I would really like to see this become a rallying cry for stronger entertainment industry unions. Ironclad twelve hour days, much more stringent safety standards on the management side, and clauses in place that force productions to actually comply with pre-existing standards rather than just throw money at the problem after the fact.

There's definitely a "don't ask for permission, beg for forgiveness" mentality in film production, and in situations like this it puts lives at risk.
posted by Sara C. at 3:49 PM on March 4 [3 favorites]


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This is awful.
posted by So You're Saying These Are Pants? at 3:50 PM on March 4


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posted by Sara C. at 3:51 PM on March 4


Friends we watched the Oscars with mentioned this. It's even more awful than they'd described.

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posted by rtha at 3:53 PM on March 4 [1 favorite]


As part of my job I have to coordinate technicians and contractors working in potentially-dangerous situations, and one thing I've learned is that the onus really is on me (and any safety coordinator on-site) to be hard-asses. In an ideal world every person on site would feel knowledgeable and empowered enough to identify safety concerns and stop work until they are taken care of, but human nature is to think, "If this were unsafe, someone would tell me" or even worse "If I complain about this, I will be fired."
posted by muddgirl at 3:54 PM on March 4 [13 favorites]


That's appalling. They set up a shoot on a railroad trestle, with a twin bed frame as a prop, on the tracks, and had no idea if a train was coming or not?

The crew didn't have permission to be on the tracks. They thought it was just two trains, which they let past. Then a third one came along. Since there was no permission for the crew, the third train was going along at 75mph and then things got really ugly.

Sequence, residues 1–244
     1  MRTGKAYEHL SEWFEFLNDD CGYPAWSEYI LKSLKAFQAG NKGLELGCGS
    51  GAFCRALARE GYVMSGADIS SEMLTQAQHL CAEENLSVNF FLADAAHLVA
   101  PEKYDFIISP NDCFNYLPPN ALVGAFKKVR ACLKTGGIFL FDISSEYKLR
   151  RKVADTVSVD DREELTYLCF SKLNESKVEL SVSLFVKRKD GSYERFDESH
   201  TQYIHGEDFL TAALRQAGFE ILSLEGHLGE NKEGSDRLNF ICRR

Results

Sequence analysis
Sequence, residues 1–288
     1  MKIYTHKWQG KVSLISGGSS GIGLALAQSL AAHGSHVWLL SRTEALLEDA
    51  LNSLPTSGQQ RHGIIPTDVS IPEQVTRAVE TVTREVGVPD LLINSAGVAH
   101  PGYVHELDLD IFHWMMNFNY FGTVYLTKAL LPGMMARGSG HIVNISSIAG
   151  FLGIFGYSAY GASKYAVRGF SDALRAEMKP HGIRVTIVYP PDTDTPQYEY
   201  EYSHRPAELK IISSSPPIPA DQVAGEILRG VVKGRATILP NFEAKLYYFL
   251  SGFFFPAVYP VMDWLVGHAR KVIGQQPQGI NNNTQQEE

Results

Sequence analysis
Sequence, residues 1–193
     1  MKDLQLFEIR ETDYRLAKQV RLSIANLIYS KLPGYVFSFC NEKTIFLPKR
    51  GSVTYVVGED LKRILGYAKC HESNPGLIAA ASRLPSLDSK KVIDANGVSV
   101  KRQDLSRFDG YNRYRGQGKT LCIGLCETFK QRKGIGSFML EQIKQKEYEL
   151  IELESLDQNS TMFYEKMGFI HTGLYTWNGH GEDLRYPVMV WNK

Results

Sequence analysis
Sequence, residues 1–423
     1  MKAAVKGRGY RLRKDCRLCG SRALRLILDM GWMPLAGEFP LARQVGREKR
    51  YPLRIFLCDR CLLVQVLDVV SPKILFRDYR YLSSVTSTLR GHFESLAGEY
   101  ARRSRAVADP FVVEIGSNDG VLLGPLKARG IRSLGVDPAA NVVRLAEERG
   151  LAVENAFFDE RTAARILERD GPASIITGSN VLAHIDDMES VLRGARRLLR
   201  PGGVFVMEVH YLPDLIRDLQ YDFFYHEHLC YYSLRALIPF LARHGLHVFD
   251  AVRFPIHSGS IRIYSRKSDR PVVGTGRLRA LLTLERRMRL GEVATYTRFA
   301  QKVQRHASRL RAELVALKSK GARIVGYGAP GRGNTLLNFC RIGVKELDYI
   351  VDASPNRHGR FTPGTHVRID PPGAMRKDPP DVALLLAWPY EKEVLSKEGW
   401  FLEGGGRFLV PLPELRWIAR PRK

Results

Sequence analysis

posted by Brandon Blatcher at 3:58 PM on March 4 [1 favorite]


What a terrible, irresponsibly run shoot. That poor woman had no chance.

horrific on-set train accident

Shouldn't that be "on-location train accident"? I thought a set was something you built in the studio.
posted by w0mbat at 3:59 PM on March 4 [2 favorites]


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posted by lord_wolf at 4:00 PM on March 4


Brandon Blatcher's link seems to confirm that they did not have permission to be on the tracks and that they knew they did not have permission. How could the director possibly have chosen to proceed? Why did he imagine that he could anticipate the train schedule? It's completely nuts. I want to say, "there must be some other explanation", but I'm afraid there might not be.
posted by mr_roboto at 4:10 PM on March 4


While this is the most egregious disregard for set safety in recent history, in my career I've seen hundreds of examples of corners cut and minor safety precautions ignored. There's an all-too-common attitude that normal rules and regulations don't apply that is half-jokingly referred to as "cinematic immunity."

Perhaps the greatest safety threat is the industry-standard practice of working crews 13+ hours every day, occasionally as many as 19-20 hours on an especially long day. I've seen timecards from Teamster drivers (!) with several 20-hour days in a single week, and I myself have dozed off at a stoplight after a long day a handful of times. This is compounded by the common practice of switching back and forth from day shoots to overnight shoots in a single week, creating a permanent 'jet lag' amongst the crew.

The cinematographer Haskell Wexler ('One Flew Over the Cuckoo's Nest') has been a long proponent of revising these crew hour practices, and filmed a documentary about the subject called 'Who Needs Sleep?' some years back. He's created an initiative called '12 On 12 Off' which sets guidelines of a maximum 12-hour day with a minimum of 12 hours off between shifts.
posted by skammer at 4:11 PM on March 4 [27 favorites]


I used to work at the fringes of the industry, well outside the studio zone and the world of studio money and union shoots, where this production lived. And you would not believe the kind of corners that get cut and the shit that gets pulled as filmmakers desperately try to produce some kind of quality movie without actually having the money to do it with. But this surprises even me.